10) At any point you feel yourself crashing, grab a coffee. Doesn't matter how long it takes –– fuel your soul. There's a Starbucks at DCA and Disneyland.

      I hope this helps. I'm happy to answer any specific questions. A day at the parks is, however, you make it, so if things feel a bit intense, take a breath and allow yourself to sit and take in the atmosphere.

      Thank your CM's always, and I hope you have a magical day.


      • #4
        Arrive at your leisure, fully rested. (Not until late afternoon if you intend to watch Electrical Parade or Tinker Bell/Fireworks).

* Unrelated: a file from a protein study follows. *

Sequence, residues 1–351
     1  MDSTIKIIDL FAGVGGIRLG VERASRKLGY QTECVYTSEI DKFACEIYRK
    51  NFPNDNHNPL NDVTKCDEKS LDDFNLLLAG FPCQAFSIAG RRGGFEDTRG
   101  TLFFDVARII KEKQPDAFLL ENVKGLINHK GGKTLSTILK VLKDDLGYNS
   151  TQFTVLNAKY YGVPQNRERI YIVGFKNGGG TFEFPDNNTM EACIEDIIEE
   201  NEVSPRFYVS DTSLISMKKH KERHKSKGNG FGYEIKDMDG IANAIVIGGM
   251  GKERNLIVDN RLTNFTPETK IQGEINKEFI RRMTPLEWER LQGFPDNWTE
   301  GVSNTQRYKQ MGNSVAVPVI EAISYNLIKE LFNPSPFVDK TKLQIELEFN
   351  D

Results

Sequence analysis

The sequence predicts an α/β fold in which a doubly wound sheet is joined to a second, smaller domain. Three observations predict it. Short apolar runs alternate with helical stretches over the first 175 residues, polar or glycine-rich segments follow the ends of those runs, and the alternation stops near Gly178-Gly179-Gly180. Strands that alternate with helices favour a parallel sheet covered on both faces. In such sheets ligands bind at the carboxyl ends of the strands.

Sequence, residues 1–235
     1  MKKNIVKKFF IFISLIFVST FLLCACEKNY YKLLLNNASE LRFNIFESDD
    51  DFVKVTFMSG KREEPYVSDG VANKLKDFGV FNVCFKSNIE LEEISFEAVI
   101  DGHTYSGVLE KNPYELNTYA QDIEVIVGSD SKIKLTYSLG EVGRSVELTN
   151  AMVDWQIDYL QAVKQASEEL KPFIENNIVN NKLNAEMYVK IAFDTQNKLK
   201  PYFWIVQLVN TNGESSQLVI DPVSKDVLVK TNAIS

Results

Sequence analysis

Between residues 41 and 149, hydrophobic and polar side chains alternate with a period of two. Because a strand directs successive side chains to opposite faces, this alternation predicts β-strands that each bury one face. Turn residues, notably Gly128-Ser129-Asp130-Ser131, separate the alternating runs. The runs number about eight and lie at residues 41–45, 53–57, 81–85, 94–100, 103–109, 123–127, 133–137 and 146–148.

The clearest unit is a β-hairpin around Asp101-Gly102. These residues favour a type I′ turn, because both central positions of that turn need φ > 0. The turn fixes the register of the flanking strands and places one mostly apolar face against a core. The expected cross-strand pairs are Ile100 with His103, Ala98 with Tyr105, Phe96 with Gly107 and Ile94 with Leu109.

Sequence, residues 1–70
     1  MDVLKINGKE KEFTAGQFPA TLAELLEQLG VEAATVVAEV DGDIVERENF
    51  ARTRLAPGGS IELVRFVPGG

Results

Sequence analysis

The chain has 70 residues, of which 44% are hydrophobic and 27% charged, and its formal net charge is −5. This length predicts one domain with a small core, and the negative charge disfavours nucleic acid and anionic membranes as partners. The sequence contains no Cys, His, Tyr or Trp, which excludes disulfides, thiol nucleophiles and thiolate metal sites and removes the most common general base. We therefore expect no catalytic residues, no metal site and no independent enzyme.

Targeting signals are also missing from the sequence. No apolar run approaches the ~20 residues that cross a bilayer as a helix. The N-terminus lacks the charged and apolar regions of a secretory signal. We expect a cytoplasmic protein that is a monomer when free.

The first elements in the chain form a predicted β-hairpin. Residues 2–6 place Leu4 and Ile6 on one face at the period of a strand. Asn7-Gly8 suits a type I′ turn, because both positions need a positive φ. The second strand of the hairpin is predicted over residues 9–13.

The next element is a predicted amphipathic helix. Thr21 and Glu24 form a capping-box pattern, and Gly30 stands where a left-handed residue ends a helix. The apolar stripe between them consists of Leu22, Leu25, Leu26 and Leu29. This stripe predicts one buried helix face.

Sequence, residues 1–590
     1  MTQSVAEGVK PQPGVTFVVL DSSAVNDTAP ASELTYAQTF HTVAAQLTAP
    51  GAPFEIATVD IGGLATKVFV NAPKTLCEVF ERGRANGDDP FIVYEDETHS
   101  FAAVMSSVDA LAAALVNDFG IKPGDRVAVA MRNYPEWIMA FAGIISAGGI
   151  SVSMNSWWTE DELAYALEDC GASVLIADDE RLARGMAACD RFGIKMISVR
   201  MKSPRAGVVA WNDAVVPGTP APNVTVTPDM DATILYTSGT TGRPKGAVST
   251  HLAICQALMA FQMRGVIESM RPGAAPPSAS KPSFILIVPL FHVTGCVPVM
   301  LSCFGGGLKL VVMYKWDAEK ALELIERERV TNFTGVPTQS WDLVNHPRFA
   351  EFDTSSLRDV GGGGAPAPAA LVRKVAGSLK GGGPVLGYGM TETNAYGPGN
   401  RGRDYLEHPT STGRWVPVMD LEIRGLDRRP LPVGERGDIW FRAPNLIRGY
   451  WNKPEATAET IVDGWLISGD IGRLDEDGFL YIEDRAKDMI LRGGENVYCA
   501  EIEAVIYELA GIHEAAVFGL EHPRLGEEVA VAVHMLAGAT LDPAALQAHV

Leave your phone at home. Leave today behind.
        Stroll down Main Street U.S.A to the hub, stopping to read Walt's dedication plaque in the Plaza along the way.
        Sit on a park bench across from Sleeping Beauty Castle and soak in the view/atmosphere. Maybe Mary Poppins will perform.
        Drop a coin into Snow White's Wishing Well - daydream while looking at the Italian sculpture and little fishes (if they are working) - listen to the full song and echo from the well if you want your wish to come true.
        Walk through Sleeping Beauty Castle and take in the lovely diorama scenes.
        Go for a walk through Fantasyland and back around through Frontierland and Adventureland.
        Alice along the way? Maybe if the line is short. (You'll want to go on Peter Pan really but you never-never can wait that long).
        Pirates of the Caribbean or The Haunted Mansion? Maybe, but only if the line is short.
        Gaze wistfully at the facade to Splash Mountain and its fidelity to Br'er Fox's Chic-A-Pin Hill designs from Song of the South.